Like the design decision for Kansenjya, does this not hint at manga and anime culture being inseparable from Japanese daily life? I’m sure if you travel all over Japan hunting for them, you’d find many more such anime “cameos.” Needless to say, for any fan, seeing just one is already a great treat.
3. The Ultimate Muscle Man
Ah, Kinnikuman, the adorable, bumbling superhero wrestler from 80s manga and anime. I photographed him at Spa World Osaka and truth be told, seeing all those muscles made me more than a little shy to undress when using the onsen pools later!
Jokes aside, Spa World Osaka hosting a mini Kinninikuman exhibition in its lobby is a celebration of local talent. The creators of the manga, Takashi Shimada and Yoshinori Nakai, were both born in Kansai’s most vibrant city. Throughout Japan, many cities and towns also honor their most successful manga and anime talents this way. Read on to discover how else Japan celebrates its best artistes.
4. Yikes! Yokai Are All Over!
Yokai, or Japanese supernatural spirits, occupy a strange position in traditional and modern Japanese culture.
They are seen as terrifying, but often, they are also beloved, to the extent many are nowadays used as tourism or retail mascots. Much of this curious phenomenon is thanks to the enduring popularity of GeGeGe no Kitarō, a Yokai manga created in 1960 by Shigeru Mizuki. In remote Shimane, a prefecture famous for its many supernatural and religious associations, GeGeGe no Kitarō souvenirs are widely sold. Were you to visit Shigeru’s hometown of Sakaiminato, you’d also find Yokai lampposts, art sculptures, and Yokai trains.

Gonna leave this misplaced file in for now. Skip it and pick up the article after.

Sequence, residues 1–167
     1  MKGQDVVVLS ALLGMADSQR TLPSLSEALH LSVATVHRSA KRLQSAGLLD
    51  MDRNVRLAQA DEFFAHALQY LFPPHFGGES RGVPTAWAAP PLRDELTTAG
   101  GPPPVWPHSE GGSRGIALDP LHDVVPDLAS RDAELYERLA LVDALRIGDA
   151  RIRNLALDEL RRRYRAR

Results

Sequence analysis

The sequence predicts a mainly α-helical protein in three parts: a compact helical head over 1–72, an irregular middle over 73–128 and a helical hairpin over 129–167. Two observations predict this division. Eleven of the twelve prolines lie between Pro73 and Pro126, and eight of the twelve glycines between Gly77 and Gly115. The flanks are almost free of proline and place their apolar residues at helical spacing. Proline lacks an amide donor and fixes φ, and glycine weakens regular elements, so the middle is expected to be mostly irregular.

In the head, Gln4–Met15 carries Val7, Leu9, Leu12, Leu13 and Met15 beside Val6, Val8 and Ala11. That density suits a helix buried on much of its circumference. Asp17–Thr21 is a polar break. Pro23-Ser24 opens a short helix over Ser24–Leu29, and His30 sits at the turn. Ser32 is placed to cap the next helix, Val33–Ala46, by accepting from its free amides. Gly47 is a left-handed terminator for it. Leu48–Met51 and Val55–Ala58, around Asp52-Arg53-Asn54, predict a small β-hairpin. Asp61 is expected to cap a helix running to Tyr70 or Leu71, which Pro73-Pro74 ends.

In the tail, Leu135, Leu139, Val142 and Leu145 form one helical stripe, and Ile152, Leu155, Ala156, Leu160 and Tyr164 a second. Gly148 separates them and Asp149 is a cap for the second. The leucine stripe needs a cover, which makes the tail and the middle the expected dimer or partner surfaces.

5. I’m From the Future, and I Love Japanese Snacks!
Speaking of souvenirs, Doraemon’s distinctive face and color grace all kinds of packaging too. Apart from product endorsement, the quirky robotic cat from the future will also be one of the ambassadors of Tokyo Olympics 2020. Other ambassadors include the above-mentioned Astro Boy, Son Goku of Dragonball fame, Naruto, Sailor Moon, and Luffy from One Piece.
In other words, all are manga and anime characters. For the Japanese government to pick these characters as cultural ambassadors for Tokyo Olympics 2020, is it not proof of how proud the country is of them?
6. I Can Talk, but I’ll Pretend I Can’t
This one requires little introduction if you’re familiar with Hayao Miyazaki's movies. For near 30 years, the whimsical stories of the master animator have taken the world by storm, and within Japan, you don’t need to travel to a Studio Ghibli outlet or theme park to encounter his characters.
Like the above picture, many Japanese shops use Studio Ghibli characters as window displays or welcome mascots. While shopping in malls, chances are, you’d hear soundtracks from his movies playing in the background too. I myself have heard these compositions while walking past a car park, while in a bookstore, and while in an elevator. Miyazaki’s artistic presence, and in extension, anime culture, is truly everywhere in Japan.